Chris Rock

On this date in 1965, comedian, actor and producer Christopher Julius Rock III was born in Andrews, S.C. Shortly after Rock was born, his father, a truck driver and his mother, a teacher, moved to New York City. Rock was raised in the Bedford-Stuyvesant neighborhood of Brooklyn along with an older half-brother and three younger brothers. Rock’s parents, hoping it would improve his education, arranged to bus him to a different neighborhood, where he attended an almost entirely white public high school. He was subjected to racist bullying and harassment, and ended up dropping out, later earning a GED.

Comedic great Eddie Murphy discovered Rock performing stand-up in 1983 when Rock was just 18. In 1990 he joined the cast of "Saturday Night Live" and began appearing in bit roles in movies. He stayed with "SNL" for three years. Throughout the 1990s and 2000s, Rock’s stand-up was featured in five HBO specials. He hosted the 77th Academy Awards in 2005 and the 88th in 2016. He has won four Emmy Awards and three Grammy Awards. He was voted the fifth-greatest stand-up comedian in a poll conducted by Comedy Central.

Rock’s grandfather was a preacher and Rock says he was influenced by his performance style on the altar. However, that influence did not extend to religion. Rock’s comedy is peppered with skepticism about religion, including an episode of HBO’s “The Chris Rock Show” in which he visited with different faith leaders in a bit that mocked several major religions.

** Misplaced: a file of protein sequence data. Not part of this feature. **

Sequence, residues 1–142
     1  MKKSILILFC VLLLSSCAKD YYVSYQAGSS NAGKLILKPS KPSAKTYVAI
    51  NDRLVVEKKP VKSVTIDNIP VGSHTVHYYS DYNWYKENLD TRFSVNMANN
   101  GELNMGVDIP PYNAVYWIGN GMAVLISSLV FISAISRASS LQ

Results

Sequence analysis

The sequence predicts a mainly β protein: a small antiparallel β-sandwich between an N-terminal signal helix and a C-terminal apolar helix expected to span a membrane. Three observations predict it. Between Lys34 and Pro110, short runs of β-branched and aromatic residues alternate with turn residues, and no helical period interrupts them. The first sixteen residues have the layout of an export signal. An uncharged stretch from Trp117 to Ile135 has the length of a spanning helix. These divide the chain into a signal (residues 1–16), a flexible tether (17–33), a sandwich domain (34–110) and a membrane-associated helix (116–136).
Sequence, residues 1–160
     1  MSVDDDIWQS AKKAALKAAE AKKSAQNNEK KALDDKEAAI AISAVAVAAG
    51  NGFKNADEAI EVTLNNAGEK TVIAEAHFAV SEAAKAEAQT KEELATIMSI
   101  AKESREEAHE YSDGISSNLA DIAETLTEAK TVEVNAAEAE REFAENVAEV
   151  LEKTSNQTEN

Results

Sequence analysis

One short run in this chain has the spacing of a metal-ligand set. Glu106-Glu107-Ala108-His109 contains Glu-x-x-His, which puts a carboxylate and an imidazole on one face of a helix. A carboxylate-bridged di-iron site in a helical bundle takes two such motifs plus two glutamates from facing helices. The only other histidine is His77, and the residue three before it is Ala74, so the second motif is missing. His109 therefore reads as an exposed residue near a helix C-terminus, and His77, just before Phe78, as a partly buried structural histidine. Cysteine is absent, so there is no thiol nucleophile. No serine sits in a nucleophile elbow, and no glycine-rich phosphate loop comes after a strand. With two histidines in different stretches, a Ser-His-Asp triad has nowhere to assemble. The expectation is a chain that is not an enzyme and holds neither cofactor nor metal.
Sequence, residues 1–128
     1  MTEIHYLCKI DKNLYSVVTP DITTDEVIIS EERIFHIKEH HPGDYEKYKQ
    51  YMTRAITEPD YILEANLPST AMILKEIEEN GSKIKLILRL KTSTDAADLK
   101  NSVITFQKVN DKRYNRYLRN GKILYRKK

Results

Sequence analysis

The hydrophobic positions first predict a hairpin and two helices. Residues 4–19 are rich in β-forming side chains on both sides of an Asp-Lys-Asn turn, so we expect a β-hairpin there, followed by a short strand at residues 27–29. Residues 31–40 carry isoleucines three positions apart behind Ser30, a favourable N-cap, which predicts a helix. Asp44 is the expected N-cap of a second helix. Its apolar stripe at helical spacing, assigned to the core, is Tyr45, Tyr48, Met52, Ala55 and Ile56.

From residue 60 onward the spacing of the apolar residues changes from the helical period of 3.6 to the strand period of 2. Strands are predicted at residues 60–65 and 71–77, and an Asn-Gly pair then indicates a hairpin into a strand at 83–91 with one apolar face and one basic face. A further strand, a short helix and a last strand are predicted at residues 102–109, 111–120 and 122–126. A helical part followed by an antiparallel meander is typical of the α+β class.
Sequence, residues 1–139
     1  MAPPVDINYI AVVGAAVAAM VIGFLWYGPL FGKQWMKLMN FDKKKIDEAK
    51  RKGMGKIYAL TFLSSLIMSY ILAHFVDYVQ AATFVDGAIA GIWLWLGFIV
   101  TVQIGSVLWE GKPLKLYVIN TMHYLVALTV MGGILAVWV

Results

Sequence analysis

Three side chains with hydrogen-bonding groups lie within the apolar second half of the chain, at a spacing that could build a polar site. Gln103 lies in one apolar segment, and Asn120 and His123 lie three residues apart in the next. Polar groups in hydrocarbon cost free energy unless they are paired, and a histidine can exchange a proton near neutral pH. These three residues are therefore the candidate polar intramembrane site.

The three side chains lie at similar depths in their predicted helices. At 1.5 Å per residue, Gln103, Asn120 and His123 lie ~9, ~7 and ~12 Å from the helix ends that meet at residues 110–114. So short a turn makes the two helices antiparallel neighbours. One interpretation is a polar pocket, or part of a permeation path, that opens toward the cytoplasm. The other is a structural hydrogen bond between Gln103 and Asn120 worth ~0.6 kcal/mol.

He  directed and starred in the movie “Top Five” in 2014. His acting career also includes appearances in movies such as “Dogma” (1999), “Jay and Silent Bob Strike Back,” (2001), “Grown Ups,” (2010) and "Grown Ups 2" (2013). Netflix announced in 2016 that it would release two new stand-up specials, with Rock being paid $40 million per special. The first, "Chris Rock: Tamborine," was released in February 2018 and was filmed at the Brooklyn Academy of Music.

He married Malaak Compton in 1996. They divorced in 2016 and have two daughters, Lola Simone (born 2002) and Zahra Savannah (born 2004).

“When you’re black there’s like no religion to turn to. It’s like, Christianity? I don’t think so. White people justified slavery and segregation through Christianity so a black Christian is like a black person with no f***king memory.”

—Outtake from the 1989 documentary short "Who Is Chris Rock?"

Compiled by Dayna Long; photo by Everett Collection,

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